owadays, people often work as independent contractors rather than being hired as employees. The gig economy has become increasingly popular in recent years, with many companies and individuals relying on independent contractors to perform various tasks.
Gig workers are paid differently than traditional employees because they are not considered to be full-time employees of the company that hires them. Instead, they receive payment for each task they complete and are not paid a salary.
In general, gig workers tend to get paid more per hour than traditional employees because they are not required to work full-time hours and do not receive benefits or other perks that many full-time employees enjoy. However, this extra money does come with a few drawbacks for most gig workers including lack of job security and no benefits such as health insurance or paid vacation time.
The payment structure of gig workers varies depending on the type of gig.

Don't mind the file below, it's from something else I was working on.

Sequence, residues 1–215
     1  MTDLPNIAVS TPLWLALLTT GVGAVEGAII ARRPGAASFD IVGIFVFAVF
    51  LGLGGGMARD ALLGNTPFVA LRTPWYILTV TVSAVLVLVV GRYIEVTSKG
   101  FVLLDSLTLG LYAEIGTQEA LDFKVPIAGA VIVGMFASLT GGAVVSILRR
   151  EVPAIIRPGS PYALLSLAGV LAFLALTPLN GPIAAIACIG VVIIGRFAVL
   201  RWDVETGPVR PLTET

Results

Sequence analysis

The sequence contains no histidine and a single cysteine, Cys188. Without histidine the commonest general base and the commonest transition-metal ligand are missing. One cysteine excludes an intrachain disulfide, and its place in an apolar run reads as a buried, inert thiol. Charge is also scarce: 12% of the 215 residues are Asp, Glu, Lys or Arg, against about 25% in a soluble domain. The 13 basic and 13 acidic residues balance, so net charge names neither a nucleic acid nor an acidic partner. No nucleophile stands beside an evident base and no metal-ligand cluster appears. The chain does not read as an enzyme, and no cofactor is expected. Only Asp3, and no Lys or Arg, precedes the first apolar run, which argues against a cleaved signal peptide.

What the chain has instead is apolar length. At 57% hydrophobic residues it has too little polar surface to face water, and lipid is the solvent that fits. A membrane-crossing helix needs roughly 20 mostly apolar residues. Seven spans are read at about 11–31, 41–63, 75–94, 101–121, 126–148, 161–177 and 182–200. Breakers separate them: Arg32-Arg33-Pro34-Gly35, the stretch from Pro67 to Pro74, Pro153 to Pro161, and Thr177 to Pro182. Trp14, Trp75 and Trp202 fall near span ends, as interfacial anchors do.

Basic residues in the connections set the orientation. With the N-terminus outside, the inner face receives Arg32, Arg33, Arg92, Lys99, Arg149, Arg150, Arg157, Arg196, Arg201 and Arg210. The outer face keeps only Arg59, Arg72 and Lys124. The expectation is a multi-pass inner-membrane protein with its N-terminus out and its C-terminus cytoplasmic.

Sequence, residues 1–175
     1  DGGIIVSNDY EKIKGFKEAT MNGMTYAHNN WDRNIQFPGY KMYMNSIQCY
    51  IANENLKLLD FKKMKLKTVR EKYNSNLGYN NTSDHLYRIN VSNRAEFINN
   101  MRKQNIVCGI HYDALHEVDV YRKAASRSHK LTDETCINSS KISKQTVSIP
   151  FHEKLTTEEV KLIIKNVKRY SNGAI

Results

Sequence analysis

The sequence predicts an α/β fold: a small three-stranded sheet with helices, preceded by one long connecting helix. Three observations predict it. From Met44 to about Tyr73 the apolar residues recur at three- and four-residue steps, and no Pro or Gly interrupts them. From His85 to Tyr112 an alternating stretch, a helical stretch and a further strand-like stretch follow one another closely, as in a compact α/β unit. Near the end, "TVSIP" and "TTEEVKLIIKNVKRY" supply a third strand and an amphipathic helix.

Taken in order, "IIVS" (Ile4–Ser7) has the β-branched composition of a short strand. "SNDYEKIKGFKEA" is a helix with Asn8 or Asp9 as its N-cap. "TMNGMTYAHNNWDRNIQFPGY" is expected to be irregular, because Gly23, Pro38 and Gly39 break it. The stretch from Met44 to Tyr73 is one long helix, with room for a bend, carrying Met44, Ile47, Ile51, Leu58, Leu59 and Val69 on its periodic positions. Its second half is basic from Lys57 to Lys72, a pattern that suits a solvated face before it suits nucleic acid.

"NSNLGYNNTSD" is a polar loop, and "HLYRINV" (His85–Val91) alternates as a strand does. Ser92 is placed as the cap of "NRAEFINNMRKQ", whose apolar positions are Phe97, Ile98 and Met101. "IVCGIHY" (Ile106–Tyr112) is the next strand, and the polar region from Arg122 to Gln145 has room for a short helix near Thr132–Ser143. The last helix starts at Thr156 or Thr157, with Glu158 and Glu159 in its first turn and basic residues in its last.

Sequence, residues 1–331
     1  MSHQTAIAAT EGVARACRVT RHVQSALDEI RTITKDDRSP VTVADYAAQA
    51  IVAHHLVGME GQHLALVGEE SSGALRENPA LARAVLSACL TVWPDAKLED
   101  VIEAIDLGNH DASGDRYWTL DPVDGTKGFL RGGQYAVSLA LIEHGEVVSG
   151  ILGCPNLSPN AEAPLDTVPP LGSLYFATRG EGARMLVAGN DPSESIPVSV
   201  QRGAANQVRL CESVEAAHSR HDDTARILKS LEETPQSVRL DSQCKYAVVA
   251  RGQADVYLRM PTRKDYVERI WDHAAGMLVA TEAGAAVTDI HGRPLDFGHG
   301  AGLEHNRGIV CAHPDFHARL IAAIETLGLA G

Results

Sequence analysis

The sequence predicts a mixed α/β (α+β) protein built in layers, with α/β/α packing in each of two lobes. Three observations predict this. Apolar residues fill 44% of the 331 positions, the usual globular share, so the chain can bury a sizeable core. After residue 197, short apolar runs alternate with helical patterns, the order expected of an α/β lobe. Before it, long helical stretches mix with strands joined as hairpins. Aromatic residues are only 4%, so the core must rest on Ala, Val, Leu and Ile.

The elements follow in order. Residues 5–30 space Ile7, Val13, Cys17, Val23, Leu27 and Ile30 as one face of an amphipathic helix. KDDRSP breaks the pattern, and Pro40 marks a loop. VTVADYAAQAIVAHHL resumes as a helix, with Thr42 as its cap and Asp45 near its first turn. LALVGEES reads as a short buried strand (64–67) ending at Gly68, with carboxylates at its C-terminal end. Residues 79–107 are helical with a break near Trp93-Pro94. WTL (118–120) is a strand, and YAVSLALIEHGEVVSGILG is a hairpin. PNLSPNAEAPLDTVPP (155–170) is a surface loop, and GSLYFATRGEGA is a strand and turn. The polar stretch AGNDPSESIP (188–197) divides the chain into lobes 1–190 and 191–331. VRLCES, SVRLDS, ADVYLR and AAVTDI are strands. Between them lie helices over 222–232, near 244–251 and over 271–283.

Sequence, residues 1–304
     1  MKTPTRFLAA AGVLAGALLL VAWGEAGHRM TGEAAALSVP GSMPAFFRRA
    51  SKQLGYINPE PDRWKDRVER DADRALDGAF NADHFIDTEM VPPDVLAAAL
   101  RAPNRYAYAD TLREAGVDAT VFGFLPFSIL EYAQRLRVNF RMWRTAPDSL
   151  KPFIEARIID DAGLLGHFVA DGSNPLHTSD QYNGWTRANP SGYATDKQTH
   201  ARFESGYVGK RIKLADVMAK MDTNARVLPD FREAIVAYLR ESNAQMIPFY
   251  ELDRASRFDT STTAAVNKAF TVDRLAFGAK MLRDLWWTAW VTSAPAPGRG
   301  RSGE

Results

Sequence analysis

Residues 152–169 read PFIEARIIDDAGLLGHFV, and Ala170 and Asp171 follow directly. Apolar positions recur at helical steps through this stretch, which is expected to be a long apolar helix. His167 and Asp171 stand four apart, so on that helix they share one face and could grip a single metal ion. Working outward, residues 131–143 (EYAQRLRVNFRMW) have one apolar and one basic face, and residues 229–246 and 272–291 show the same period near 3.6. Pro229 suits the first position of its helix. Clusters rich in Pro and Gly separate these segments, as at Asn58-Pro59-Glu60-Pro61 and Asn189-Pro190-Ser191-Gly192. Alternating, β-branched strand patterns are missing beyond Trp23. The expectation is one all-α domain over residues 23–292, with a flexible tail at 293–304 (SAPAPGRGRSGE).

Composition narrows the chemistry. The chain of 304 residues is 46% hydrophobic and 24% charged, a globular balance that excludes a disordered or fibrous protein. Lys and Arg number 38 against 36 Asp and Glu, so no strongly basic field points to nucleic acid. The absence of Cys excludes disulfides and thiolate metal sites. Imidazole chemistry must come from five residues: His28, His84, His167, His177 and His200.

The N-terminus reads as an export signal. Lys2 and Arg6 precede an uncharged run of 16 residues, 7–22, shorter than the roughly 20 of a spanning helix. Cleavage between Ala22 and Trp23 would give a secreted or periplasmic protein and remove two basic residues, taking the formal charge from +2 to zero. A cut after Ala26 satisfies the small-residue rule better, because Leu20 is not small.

For example, an Uber driver is paid by the hour (it's called an "hourly" wage, but it's actually more like a "piece rate").
The driver earns $1 per mile and $0.20 per minute, plus a base fare of $2.55. So if they drive for an hour, they earn $1 + $0.20 per minute x 60 minutes = $3.60 + $2.55 = $6.15 in revenue. Then Uber takes 20% of that revenue as their fee and gives the rest to the driver—$6.15 * 80% = $4.77 in total profits for this ride!
Other gigs are based on flat rates or commissions; some are even based on tips! A flat rate means that no matter what you sell/do or how long it takes, you'll be paid a set amount—for example, if you're selling tickets to a concert through Eventbrite, you'll get between 60-80% of the ticket price no matter what happens; if you're babysitting for a family friend via Care Babysitting Service, you might get paid a flat fee per hour.
Other gig jobs pay per job or task completed. For example, if you're working as a graphic designer, you'll be paid $50-$100 for each design you complete (and sometimes more if it's customized). If you're working as a virtual assistant or administrative assistant, you'll be paid $20-$40 per task completed (and sometimes more if it's customized).
And finally, some gig jobs pay per project completed—like website development projects that have fixed budgets and timelines but no set number of hours required to complete them.
Overall, the short answer: it depends.
As a gig worker, there are different factors that determine your pay, employer included. Make sure that you understand how a company pays its workers in order to ensure efficiency and get the most out of your gig.